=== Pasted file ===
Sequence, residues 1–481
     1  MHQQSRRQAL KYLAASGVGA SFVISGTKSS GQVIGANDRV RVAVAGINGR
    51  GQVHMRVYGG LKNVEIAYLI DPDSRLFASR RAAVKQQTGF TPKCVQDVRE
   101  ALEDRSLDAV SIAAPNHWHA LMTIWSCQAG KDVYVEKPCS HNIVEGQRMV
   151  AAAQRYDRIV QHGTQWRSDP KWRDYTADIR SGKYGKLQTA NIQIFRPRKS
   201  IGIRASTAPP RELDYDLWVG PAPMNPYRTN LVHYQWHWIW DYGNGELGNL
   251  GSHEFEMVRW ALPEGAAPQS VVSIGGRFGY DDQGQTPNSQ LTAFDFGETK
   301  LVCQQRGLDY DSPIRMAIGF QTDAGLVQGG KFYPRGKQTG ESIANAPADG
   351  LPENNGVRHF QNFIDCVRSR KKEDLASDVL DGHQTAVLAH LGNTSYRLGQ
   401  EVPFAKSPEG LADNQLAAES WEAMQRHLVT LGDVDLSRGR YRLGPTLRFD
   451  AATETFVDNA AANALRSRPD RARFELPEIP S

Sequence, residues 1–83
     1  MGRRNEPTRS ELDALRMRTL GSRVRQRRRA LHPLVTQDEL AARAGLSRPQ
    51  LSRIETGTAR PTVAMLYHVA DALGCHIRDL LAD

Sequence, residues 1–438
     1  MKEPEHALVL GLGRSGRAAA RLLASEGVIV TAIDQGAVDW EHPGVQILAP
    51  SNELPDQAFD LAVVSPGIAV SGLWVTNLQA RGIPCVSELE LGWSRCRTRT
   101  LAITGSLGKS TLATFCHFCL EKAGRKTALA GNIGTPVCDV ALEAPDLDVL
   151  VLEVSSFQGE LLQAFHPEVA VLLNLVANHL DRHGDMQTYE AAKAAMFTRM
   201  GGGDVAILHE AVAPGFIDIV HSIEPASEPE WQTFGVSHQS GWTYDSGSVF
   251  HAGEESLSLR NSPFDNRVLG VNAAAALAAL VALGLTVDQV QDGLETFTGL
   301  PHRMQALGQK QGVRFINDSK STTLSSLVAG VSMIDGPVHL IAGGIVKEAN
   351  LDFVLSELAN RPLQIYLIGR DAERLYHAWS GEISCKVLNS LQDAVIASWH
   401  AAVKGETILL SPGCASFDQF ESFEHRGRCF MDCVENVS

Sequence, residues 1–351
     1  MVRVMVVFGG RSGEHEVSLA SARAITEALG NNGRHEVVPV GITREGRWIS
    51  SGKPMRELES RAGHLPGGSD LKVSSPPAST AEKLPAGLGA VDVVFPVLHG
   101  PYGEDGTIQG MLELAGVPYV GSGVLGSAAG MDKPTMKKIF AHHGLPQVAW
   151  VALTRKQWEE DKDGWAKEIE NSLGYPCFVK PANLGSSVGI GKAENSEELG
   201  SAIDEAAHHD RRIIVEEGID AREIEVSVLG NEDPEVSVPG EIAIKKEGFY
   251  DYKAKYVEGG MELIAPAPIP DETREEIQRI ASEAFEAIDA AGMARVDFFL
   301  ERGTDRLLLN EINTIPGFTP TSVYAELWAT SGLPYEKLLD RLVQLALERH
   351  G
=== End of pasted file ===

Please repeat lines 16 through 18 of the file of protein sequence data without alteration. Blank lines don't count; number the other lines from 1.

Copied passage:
     1  MKEPEHALVL GLGRSGRAAA RLLASEGVIV TAIDQGAVDW EHPGVQILAP
    51  SNELPDQAFD LAVVSPGIAV SGLWVTNLQA RGIPCVSELE LGWSRCRTRT
   101  LAITGSLGKS TLATFCHFCL EKAGRKTALA GNIGTPVCDV ALEAPDLDVL